During the 1990s decentralisation was prescribed by bilateral donors and major economic players as a general solution to development problems. The World Bank, for example, argues for the devolution of power almost as if it were the panacea bringing "the advancement of 'good government' and fiscal responsibility", and above all more democracy (Manor 1995:81). Today, however, policy makers recognise that what determines the outcome of decentralisation is a more complicated issue. Or as one observer puts it, decentralisation can in one context lead to improved democratic performance, while in another it can lead to anything from a decline in economic growth to "ethnic strife and civil war" (Yusuf 1999). Against this background the panchayat reforms initiated in India in the 1980s and 1990s, which may turn out to be one of the world's largest decentralisation schemes, naturally attracts attention.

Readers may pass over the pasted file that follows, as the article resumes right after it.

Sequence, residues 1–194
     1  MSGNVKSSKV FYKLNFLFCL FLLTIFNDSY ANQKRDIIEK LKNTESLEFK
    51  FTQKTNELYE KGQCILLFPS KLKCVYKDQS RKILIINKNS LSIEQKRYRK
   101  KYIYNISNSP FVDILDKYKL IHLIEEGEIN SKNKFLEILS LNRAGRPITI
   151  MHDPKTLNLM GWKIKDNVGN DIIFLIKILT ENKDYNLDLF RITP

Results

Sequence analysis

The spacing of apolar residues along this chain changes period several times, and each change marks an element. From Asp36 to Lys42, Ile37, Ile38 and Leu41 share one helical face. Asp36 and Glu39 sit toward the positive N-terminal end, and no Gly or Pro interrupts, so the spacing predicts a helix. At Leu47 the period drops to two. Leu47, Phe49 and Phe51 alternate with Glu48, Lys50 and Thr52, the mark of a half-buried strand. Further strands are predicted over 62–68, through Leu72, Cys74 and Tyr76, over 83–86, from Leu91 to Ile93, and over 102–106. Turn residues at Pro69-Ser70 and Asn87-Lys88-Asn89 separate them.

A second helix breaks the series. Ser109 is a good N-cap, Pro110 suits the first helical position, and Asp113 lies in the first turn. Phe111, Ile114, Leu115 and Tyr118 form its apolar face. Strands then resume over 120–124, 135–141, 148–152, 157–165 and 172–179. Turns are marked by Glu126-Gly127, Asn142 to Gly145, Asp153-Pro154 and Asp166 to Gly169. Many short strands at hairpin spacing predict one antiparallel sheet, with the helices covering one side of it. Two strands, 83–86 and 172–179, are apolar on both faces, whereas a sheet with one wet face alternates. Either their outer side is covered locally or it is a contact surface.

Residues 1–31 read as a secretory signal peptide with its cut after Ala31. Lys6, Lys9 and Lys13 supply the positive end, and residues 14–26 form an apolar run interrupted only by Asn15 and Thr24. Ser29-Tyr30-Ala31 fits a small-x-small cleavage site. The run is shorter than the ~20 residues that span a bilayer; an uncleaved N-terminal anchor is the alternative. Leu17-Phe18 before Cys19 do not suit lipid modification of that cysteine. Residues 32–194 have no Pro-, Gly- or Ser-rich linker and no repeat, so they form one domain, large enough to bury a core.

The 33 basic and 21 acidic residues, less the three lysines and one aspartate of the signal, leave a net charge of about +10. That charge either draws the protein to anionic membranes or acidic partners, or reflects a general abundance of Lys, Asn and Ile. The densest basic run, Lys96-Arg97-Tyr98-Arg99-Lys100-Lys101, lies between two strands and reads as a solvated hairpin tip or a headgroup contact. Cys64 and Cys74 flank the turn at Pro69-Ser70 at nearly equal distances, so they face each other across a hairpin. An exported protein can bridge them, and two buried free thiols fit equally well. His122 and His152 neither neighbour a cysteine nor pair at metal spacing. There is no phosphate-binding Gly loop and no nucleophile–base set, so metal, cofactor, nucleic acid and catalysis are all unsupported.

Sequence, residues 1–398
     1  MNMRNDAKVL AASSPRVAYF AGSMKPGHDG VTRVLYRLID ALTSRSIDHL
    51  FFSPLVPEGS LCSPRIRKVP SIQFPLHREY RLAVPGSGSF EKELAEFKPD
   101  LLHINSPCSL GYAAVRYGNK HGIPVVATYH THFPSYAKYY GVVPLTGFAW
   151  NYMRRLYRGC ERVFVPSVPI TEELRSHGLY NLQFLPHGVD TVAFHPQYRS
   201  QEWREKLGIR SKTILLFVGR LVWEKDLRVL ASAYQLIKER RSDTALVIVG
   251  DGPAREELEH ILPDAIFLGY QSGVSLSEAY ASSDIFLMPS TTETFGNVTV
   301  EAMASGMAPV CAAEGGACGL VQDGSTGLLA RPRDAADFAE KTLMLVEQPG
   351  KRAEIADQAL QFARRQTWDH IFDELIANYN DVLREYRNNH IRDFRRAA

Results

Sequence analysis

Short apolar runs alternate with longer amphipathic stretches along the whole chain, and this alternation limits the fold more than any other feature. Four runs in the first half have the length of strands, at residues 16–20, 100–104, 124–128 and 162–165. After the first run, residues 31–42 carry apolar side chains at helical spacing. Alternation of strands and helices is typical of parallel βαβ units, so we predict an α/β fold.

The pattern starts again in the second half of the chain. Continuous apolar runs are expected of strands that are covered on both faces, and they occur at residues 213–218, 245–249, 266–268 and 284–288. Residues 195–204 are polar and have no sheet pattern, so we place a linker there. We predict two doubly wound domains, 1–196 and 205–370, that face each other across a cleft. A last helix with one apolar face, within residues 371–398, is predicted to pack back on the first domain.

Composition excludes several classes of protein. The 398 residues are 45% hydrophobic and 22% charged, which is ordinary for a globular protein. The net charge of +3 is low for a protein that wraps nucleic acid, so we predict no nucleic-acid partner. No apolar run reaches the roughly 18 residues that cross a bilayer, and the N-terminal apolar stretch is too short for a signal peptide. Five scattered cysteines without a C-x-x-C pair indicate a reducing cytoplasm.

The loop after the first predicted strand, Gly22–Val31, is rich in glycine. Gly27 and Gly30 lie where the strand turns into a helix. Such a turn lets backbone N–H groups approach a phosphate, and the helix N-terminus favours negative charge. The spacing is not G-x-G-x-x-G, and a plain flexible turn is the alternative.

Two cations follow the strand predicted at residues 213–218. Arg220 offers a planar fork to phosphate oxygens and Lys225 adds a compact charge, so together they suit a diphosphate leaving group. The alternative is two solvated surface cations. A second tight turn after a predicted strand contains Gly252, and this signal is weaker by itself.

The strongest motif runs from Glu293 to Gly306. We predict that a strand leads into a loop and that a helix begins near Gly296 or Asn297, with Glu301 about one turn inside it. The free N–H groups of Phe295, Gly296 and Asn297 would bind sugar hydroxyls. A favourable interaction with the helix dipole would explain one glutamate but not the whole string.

After being undermined in the 1960s and 1970s, the Asoka Metha committee report presented in 1977 recommended that Panchayati raj institutions in India should become an "organic, integral part of [the] democratic process." West Bengal was the first state to try to implement the recommendations but Karnataka, Andhra Pradesh and Jammu and Kashmir soon followed. In many parts of these states democratic performance improved as a direct consequence of the reforms and this paved the way for decentralisation in other states. A number of constitutional amendments, most of them passed in 1992, established a uniform three-tier system below state level, provided with political, fiscal and other institutional mechanisms safeguarding, at least constitutionally, the devolution of power. Today, however, it is hard to judge what improvements have followed from this process. As in many other developing countries, empirical research on decentralisation, and above all systematic research, is to a great extent lacking (Goudie and Stasavage 1998:154; Lancaster and Montinola 1997:194). There are, however, important and relatively successful cases that deserve attention. They may provide indications of what is needed to make local democratic units efficient and more self-sustainable, and they may also tell us something about the type of policy recommendations that may be suitable in specific contexts. Therefore, this project will carry out a case study of the factors that may determine the different outcomes of decentralisation - and, in particular, why reforms can manage to improve democratic and governance performance in spite of a hostile or harsh institutional environment, and why they may fail in other contexts. The specific cases to be studied are how the panchayat reforms have affected one of the biggest problems of schools and health institutions in India - personnel absenteeism. The analyses will utilise hypotheses derived from the fields of political science, economics, and social science in general. Theories on decentralisation, corruption and social capital will provide relevant ideas to be tested. The project will primarily investigate mechanisms that may have played a crucial role in making education and health services more effective as a consequence of giving more power to local democratic governing bodies in the decentralisation schemes.
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